17. Fenway Park
Among the many things that Fenway Park is widely renown for, fan violence isn’t high on the list. Red Sox fans tend to be happy-go-lucky, more concerned with discussing curses and singing “Sweet Caroline” than anything else. But that can change in a hurry given the right circumstances, particularly when the New York Yankees come to town. The prevalence of bars in the immediate vicinity of the ballpark, coupled with a boozy, blue collar vibe, can sometimes result in pleasantries exchanged between well-lubricated fans, with one often sporting pinstripes.
16. FirstEnergy Stadium
Few fan forces in the NFL are as fearsome as the Dawg Pound, a notorious army of hardcore Cleveland Browns supporters. These mask-clad fans, situated behind the east endzone in their own bleacher section, have gained a long-standing reputation for terrorizing opposing players and fans with projectiles and, at one time, even dousing rivals with dog food. When they Browns left Cleveland in 1995, the Dawg Pound tore the seats out of the stands in protest and for souvenir collection. Since the team returned in 1999, the Pound has been slightly tamer, albeit still unfriendly to opposing fans.
15. US Cellular Park
There’s father/son bonding, and then there’s the heinous scene that transpired at what was then known as New Comiskey Park on September 19th, 2002 when William Ligue Jr. and his son, William Ligue III, ran onto the field for an unprovoked attack on Kansas City Royals first base coach Tom Gamboa. But it isn’t merely once incident that earned this stadium the clever nickname, “the Cell”. The South Side Chicago stadium and home of the White Sox has also been home to violence against fans of the cross-town rival Cubs and, most recently, featured a parking lot attack by fans on a couple who caught the group urinating on their car.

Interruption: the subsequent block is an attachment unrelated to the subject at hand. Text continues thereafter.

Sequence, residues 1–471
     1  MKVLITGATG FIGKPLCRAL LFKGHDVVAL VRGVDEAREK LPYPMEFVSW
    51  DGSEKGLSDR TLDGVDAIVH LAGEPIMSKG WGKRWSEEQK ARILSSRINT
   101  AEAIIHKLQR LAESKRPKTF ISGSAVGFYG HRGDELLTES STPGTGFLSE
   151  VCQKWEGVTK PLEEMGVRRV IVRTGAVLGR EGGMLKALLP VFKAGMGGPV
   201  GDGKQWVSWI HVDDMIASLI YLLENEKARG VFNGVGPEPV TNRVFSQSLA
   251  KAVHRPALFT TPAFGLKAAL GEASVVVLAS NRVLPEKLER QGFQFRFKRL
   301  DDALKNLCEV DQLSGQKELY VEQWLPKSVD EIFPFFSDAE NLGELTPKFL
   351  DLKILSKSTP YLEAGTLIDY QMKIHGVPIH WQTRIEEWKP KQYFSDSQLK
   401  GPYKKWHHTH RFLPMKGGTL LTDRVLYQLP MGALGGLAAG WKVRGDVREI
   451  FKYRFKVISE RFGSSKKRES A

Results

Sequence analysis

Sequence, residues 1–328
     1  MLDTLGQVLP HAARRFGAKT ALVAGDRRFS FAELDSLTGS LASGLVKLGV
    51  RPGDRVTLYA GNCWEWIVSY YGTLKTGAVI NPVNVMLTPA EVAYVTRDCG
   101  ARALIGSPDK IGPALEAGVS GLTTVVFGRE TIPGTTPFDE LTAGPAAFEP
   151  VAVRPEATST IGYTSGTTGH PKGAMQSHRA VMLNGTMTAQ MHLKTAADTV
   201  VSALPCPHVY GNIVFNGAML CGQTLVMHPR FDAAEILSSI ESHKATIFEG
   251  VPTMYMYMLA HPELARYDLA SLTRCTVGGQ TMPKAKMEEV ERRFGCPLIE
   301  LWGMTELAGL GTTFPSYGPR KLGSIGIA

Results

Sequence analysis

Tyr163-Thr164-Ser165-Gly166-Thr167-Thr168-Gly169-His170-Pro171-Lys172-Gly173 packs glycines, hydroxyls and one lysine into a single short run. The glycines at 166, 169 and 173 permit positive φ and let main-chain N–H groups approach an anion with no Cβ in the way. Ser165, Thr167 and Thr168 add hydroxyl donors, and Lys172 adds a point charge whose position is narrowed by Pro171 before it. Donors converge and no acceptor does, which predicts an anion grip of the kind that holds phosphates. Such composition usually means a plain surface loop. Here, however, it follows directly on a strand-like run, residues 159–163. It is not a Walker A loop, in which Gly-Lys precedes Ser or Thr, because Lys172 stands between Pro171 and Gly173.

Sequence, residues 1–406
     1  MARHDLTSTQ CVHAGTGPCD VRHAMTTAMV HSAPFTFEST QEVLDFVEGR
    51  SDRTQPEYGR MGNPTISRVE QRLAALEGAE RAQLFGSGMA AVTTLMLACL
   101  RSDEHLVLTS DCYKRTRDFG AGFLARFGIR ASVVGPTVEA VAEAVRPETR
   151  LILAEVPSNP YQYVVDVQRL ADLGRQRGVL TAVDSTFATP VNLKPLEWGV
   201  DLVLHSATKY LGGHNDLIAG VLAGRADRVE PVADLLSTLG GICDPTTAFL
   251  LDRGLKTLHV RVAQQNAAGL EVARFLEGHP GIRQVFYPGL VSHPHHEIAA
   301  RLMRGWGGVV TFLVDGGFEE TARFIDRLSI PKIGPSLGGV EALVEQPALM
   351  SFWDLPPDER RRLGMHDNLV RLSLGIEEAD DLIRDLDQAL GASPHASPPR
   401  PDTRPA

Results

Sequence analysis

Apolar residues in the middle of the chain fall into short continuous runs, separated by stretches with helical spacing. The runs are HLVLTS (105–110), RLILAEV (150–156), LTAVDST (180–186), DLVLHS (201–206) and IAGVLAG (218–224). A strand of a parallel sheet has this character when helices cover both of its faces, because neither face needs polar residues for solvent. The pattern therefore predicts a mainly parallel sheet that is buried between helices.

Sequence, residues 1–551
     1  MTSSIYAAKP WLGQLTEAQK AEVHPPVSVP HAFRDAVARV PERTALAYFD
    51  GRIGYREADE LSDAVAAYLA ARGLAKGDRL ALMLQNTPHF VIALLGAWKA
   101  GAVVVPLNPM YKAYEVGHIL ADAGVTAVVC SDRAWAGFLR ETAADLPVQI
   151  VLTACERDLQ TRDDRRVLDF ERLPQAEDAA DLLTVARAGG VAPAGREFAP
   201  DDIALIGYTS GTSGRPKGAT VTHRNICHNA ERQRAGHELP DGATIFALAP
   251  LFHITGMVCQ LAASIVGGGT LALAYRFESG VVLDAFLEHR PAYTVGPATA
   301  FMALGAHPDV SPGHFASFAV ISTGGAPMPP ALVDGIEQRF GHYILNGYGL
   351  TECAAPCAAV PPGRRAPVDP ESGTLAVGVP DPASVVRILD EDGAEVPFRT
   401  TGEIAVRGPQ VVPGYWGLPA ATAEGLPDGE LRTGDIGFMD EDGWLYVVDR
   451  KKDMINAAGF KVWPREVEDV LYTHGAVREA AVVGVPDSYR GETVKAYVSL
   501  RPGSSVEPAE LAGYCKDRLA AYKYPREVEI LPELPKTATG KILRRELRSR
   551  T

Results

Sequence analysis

14. Cameron Indoor Stadium
Duke University has long been a college that seems to invite hatred towards their obnoxiously successful sports programs, specifically the men’s basketball team. Much of that hatred can be attributed to the student supporters known as the Cameron Crazies, who have been known to get under the skin of opposing players and fans with clever but often mean-spirited and off-color chants. Even legendary Duke coach Mike Krzyzewski has taken exception to the Crazies, publicly asking the group to cheer for the Blue Devils rather than against their opponents. TV networks also have trouble handling their clearly audible chants when broadcasting live.
13. Upton Park Stadium
English soccer rivalries are made all the more intense by the proliferation of teams located in relatively close confines. Take West Ham United, who play out of Upton Park Stadium in East London. Their rivalry with Millwall has become so heated that it resulted in a melee between supporters of each team that broke out two hours prior to a game between the clubs in 2009. Fighting continued throughout the contest and afterwards, spilling out into the surrounding neighborhood after the final whistle. There was at least one stabbing victim amidst the brawling that involved hundreds of fans.
12. Candlestick Park
The San Francisco 49ers moved to Levi’s Stadium in 2014 and the Giants had moved to AT&T Park years before, but the fight-ridden legacy of Candlestick Park lives on. After all, it’s hard to forget an infamous reign of rivalry-fueled battles in which Niner fans locked horns with Oakland Raiders supporters and Giants fans targeted Los Angeles Dodger-jerseyed spectators. In just one 2011 game between the 49ers and Raiders, there were multiple fights in the stands, a bathroom assault and two shootings. And that was just a pre-season game!